Baltimore is one of the most overlooked cities on the eastern seaboard of the USA. Nestled in between the two skate meccas of Washington DC and Philadelphia, it’s easy to say “next time” whilst on a road trip up or down I-95.
On top of an incredible skate scene, Baltimore is home to a vast amount of American history, including being the birthplace of baseball legend Babe Ruth, and the place in which Francis Scott Key wrote The Star-Spangled Banner, a song that would later be adopted as the national anthem of the United States of America.
Skating in Baltimore is tough. Not just because of the weather, the infrastructure and it being a densely populated city, but also because Baltimore is just very old by American standards. Founded in 1729, a lot of the streets, sidewalks, houses and buildings have seen their share of weather’s attritional effects. Between the cracks and the crowds lie some serious east coast gems, though.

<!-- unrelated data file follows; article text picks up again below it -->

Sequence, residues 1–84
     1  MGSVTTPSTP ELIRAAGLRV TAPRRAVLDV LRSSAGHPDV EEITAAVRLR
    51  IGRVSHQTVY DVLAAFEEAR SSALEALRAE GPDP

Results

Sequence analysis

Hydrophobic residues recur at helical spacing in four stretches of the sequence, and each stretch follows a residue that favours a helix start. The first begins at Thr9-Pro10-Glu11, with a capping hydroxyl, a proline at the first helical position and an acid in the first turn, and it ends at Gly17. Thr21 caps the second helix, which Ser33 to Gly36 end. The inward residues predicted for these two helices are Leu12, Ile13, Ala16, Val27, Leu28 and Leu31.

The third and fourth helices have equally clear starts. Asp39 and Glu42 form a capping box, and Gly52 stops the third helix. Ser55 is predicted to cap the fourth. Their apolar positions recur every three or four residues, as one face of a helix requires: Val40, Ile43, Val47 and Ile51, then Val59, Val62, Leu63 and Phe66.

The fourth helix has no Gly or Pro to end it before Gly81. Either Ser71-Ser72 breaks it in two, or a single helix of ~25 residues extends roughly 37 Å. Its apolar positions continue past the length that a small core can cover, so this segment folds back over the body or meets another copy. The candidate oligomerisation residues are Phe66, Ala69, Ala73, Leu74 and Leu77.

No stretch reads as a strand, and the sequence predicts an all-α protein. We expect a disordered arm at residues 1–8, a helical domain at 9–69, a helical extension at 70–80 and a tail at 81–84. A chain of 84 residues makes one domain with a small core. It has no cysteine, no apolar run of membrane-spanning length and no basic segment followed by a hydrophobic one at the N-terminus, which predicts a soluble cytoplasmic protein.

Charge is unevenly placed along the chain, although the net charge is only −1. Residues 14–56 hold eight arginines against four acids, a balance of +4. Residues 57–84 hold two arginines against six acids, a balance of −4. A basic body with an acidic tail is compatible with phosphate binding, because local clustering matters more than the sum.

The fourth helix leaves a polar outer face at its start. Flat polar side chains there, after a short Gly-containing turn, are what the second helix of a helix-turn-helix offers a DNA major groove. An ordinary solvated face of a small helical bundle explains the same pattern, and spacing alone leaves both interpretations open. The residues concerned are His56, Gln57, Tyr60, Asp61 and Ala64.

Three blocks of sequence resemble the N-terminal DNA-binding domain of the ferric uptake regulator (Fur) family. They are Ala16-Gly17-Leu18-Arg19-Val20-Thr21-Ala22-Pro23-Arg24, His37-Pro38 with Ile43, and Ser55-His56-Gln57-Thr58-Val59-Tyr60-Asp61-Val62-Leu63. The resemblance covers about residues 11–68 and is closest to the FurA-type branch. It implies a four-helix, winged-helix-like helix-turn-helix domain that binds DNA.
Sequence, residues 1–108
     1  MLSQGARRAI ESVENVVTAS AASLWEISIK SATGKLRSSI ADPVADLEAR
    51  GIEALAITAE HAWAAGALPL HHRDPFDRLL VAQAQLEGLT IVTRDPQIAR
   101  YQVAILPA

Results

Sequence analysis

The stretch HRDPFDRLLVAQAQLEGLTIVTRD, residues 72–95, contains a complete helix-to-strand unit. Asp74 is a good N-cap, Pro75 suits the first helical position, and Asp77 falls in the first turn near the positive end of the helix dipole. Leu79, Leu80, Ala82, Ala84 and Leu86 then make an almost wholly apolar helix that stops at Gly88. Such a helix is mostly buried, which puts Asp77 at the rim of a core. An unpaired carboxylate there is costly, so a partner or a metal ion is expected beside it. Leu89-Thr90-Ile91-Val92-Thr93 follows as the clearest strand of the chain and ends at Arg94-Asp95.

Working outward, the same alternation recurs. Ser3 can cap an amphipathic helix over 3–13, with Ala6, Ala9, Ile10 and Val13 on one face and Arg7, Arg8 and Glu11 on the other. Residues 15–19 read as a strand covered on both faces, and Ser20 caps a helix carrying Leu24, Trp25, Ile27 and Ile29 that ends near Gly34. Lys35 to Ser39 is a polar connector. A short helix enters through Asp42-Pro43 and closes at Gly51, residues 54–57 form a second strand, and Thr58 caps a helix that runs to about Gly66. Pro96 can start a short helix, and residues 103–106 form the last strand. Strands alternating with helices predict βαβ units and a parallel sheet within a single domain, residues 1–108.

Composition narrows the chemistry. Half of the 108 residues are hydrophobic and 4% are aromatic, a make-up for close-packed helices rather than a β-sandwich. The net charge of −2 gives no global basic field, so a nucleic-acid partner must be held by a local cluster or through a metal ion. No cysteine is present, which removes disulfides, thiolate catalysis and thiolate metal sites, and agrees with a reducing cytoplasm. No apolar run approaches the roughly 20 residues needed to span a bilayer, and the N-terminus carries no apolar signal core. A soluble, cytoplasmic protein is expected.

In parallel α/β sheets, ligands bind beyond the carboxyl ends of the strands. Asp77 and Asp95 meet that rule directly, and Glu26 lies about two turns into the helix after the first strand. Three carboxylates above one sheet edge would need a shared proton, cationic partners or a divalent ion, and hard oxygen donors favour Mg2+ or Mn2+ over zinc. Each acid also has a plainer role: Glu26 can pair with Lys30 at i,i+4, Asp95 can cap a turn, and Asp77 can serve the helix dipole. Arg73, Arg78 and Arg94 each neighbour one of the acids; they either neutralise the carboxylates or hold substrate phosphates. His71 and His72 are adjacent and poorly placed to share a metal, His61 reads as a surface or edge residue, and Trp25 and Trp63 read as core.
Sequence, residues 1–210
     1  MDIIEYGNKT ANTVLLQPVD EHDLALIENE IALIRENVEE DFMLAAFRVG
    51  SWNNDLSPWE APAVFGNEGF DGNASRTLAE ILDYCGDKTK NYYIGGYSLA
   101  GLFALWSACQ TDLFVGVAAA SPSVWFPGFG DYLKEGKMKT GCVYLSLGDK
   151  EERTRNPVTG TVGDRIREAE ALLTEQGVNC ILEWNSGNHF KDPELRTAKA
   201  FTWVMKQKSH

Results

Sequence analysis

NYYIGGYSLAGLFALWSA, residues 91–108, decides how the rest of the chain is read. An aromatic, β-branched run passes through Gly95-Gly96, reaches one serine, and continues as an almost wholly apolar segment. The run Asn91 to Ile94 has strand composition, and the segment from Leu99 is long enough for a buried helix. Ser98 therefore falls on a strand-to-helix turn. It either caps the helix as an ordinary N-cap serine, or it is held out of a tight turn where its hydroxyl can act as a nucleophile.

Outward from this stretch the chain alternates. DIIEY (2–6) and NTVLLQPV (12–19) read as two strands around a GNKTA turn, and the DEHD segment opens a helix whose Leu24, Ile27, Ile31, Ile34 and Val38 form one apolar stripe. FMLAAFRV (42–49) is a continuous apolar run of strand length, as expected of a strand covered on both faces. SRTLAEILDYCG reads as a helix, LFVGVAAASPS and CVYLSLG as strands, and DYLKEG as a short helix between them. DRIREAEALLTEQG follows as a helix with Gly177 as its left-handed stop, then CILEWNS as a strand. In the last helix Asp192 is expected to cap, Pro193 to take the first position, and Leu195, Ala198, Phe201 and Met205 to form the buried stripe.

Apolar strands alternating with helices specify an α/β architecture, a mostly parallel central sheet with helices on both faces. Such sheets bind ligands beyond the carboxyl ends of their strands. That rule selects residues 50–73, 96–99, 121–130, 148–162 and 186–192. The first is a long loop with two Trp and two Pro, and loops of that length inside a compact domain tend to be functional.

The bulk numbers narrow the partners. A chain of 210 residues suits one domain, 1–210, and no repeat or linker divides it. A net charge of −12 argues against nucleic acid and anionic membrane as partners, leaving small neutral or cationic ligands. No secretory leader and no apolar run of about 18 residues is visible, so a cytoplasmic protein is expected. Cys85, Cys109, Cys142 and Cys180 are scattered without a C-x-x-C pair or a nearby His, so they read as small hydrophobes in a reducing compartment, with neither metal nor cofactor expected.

Legendary Baltimore skater Gary Smith helps the skate scene thrive by shredding the streets, as well as running Vu Skateshop, while legendary Baltimore heads like Spencer Brown, Tony Massey, Jason Spivey, Steve Batton and slew of others reinterpret that battered urban terrain for a new generation.
Next time you’re on the east coast, don’t hesitate to stop and see why Baltimore has earned the nickname Charm City. Cruise around some of the oldest streets in America while skating some of the most legendary spots, before finishing off the day with a nice crab cake from the upscale crab shacks in the city’s rebuilt waterfront district based around her famous inner harbour.